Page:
Critical Conversations in African Philosophy
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In this edited collection contributors examine key themes, sources and methods in contemporary African Philosophy, building on a wide-ranging understanding of what constitutes African philosophy, and drawing from a variety of both oral and written texts of different genres.
Part one of the volume examines how African philosophy has reacted to burning issues, ranging from contemporary ethical questions on how to integrate technological advancements into human life; to one of philosophy’s prime endeavours, which is establishing the conditions of knowledge; to eternal ontological and existential questions on the nature of being, time, memory and death. Part two reflects on the (re)definition of philosophy from an African vantage point and African philosophy’s thrust to create its own canon, archive and resources to study African concepts, artefacts, practices and texts from the perspective of intellectual history. The volume aims to make a contribution to the academic debate on African philosophy and philosophy more broadly, challenging orthodox definitions and genres, in favour of a broadening of the discipline’s self-understanding and locales.
This book will be of interest to students and scholars of African philosophy and comparative philosophy.
Table of Contents
Introduction. African Philosophy from the Things Themselves Part I: Themes Chapter 1: Technology as Domination or Liberation? An Analysis of the Philosophy of Technology in Relation to African Philosophy and Development Initiatives, Aviv Milgram Chapter 2: Epistemic pragmatism and the problem of relativism: implications of comparisons between epistemic concepts in Yorùbá and English language analytic epistemology, Yola West-Dennis Chapter 3: Euphrase Kezilahabi’s thinking poetry: his philosophy, his poetics and Kerewe oral poetry. Roberto Gaudioso Chapter 4: Absurditea: The Unity of Being, the Absurd, and the Importance of the Circle in Euphrase Kezilahabi’s "Chai ya Jioni" Tom Jelpke Chapter 5: Mbiti Revisited: Acknowledging the affinity between the philosophies of time of John S. Mbiti and Edmund Husserl and asserting the importance of an inclusive philosophy of the afterlife, Claire Amaladoss Chapter 6: African versus Western Time or Philosophies of Time? Exploring the Possibilities of Philosophical Dialogue across African and Western Traditions of Thought, Benedetta Lanfranchi Part II: Sources Chapter 7: Philosophising by proxy: a hermeneutic critique of African philosophical literature from the twin imaginaries of collective or individual thought, and the divisibility of culture and philosophy, Brett Pollack Chapter 8: Found in Translation: Multilingualism and Philosoph, Ella Hiesmayr Chapter 9: Epistemology and literature: Positivism, indeterminacy, holism, and relativism in the Swahili novel, Alena Rettová Chapter 10: "If we knew the reality of things, we would be the masters of our own lives." Reflections of a West African Diviner, Louis Brenner Chapter 11: Clarity through comparative philosophy, Becca Stacey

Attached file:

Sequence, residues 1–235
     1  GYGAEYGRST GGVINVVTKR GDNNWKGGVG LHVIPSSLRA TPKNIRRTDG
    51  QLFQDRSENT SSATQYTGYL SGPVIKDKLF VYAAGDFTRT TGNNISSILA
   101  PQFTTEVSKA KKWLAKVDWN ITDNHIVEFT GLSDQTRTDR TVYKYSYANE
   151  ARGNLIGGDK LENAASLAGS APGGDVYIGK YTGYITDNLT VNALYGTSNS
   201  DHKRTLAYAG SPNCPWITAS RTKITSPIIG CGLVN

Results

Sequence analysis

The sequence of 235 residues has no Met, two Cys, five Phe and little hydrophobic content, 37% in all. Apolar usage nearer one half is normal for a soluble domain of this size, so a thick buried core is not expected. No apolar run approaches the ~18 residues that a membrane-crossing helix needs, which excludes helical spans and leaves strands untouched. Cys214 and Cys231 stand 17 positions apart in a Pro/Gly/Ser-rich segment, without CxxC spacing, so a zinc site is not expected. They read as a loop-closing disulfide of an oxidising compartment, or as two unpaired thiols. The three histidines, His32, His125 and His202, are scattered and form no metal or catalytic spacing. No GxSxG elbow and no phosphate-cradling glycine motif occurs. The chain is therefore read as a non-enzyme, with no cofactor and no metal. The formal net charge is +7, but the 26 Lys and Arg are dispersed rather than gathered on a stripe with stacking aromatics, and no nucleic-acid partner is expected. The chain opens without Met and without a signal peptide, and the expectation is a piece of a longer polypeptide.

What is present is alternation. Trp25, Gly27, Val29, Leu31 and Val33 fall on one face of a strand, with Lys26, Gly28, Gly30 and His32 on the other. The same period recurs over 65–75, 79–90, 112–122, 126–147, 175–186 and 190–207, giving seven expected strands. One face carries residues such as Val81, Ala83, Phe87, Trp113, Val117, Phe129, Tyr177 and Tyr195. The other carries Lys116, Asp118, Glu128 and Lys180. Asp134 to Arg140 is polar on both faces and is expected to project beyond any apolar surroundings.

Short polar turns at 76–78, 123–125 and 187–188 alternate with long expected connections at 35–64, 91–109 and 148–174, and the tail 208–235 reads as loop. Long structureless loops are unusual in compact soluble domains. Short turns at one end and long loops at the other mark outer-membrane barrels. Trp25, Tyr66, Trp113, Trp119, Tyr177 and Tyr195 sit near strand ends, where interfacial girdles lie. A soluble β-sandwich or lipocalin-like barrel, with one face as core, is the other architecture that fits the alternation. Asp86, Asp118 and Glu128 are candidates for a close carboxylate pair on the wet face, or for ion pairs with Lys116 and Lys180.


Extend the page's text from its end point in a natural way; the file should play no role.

Alena Rettová is Professor of African and Afrophone Philosophies, University of Bayreuth, Germany.
Benedetta Lanfranchi is a Postdoctoral Research Fellow at University of Bayreuth, Germany.
Miriam Pahl has a PhD from SOAS University of London and has worked for DAAD in Nairobi.